Painting a whoooooole bunch of French infantry ... again! Part 1.
This entry was posted on May 8, 2015.
As the deadline for our Ligny game draws ever nearer, I find myself painting Prussian and French units like crazy to meet our deadline of June 20th. When we were nearing 6000 likes on Facebook, Jasper said we should do something like last time, an all day ‘Paint-a-thon’, as it was very popular. We both agreed that it’d be fine to paint up some more French - variety would have been good (we’ll do something else next time, roll on 7000 likes), but painting something I really needed was ok. Handy if you can set the rules yourself… ;-)
I was keen to see what difference painting the greatcoated infantry would make in comparison with the original French line infantry. I chose Warlord as it’s what I had to hand, although dividing up a Perry boxed set and painting the greatcoated figures would have resulted in a similar speed. My bet was that the greatcoats would be significantly faster. The day I’d chosen, May 1st turned out to be a day of ‘curses’, and I only managed to get seven hours painting done. Even so I had 19 ‘almost finished’ models. Here is how I did them.
First, I divided up the sprues for spraying. I sprayed the bodies and heads grey and the backpacks white. Had I a Khaki or Brown spray, I’d have been tempted to do the basic greatcoat colour on separate sprues to speed up the process.
Next up: the basic block colours. Here I’ve used a khaki colour for the greatcoats (old Citadel Kommando Khaki!) and an ivory, off-white for the trousers. All the blacks are ‘VMC 862 Black Grey’, as nothing is ever really black and this very dark grey takes washes well. I can’t say I was neat about it and my eyesight is not what it used to be! I’m gradually going long sighted - I don’t need reading glasses yet, but it’s only a matter of time… But bear with me, you may find the results surprising!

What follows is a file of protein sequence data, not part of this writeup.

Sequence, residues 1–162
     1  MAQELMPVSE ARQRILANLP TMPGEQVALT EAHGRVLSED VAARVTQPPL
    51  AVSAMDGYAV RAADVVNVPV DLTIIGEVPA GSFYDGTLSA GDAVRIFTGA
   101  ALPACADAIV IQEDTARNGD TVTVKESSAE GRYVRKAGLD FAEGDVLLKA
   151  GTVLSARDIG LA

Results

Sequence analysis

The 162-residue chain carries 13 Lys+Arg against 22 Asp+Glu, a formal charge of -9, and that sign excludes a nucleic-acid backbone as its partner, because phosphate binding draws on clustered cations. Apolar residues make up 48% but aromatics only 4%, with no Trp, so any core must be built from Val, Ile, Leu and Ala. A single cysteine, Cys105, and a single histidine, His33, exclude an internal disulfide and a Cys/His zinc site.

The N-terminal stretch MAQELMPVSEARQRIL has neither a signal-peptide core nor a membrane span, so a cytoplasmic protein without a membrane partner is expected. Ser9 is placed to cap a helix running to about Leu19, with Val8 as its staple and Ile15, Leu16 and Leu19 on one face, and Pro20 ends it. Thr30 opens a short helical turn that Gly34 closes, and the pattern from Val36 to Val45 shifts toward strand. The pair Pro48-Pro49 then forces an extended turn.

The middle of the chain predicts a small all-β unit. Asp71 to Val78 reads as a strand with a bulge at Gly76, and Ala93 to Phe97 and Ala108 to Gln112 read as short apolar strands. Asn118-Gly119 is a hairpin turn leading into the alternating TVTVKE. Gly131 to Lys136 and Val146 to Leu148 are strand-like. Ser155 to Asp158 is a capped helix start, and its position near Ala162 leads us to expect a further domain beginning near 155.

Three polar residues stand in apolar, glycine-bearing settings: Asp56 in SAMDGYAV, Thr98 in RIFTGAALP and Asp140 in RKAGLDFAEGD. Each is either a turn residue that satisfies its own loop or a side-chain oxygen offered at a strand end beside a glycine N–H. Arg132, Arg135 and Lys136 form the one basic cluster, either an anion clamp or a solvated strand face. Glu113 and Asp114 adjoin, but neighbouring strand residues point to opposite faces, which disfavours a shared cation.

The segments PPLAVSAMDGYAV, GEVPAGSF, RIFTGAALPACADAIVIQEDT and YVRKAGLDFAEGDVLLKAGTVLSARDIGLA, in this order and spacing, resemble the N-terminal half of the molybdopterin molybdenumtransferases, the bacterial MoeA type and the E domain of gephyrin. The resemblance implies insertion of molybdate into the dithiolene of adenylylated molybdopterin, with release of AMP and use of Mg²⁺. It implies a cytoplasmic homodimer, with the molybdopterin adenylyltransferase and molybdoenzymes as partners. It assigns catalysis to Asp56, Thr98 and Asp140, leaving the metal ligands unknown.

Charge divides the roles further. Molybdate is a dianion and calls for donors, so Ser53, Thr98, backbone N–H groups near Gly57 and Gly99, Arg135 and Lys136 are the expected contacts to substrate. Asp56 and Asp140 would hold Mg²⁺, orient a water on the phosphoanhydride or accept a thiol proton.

Then I added the cross belts, the wood effect and iron in turn (wood first, as its easier to paint over the wood to add the ironwork of the gun). In the meantime the backpacks were simply done by using a diluted wash of a strong brown colour on the white backpacks (instant shading!). Other details, such as the cartridge box (and cap underneath) were added along with white lining for the backpack.
The heads were done in a mix of Khaki and Black Grey representing the different shako covers used - which will break up the uniformity of the French unit nicely along with the different greatcoats. The 1815 campaign army was not all neat and tidy, so I like the lack of uniformity. I was careful glueing the heads on, having learnt from painful experience that too much glue would spill onto the painted model, causing ‘issues’. The method I used was putting head and body together at the front and then slowly pressing the neck. Any excess glue then ended up going out onto the back where any marks would be concealed by the backpack.
Once assembled, I let the glue dry before using a wash. I used Army Painter Strong Tone on the flesh and clothing. The Army Painter Dark Tone was reserved for the musket, black shako and boots. Now so far we have some ‘ok’ models, but hardly anything to write home about. Next time I’ll show what a little simple highlighting will do to make these models shine. The total time taken for 19 models was 7 hours, working out at 19 minutes a model.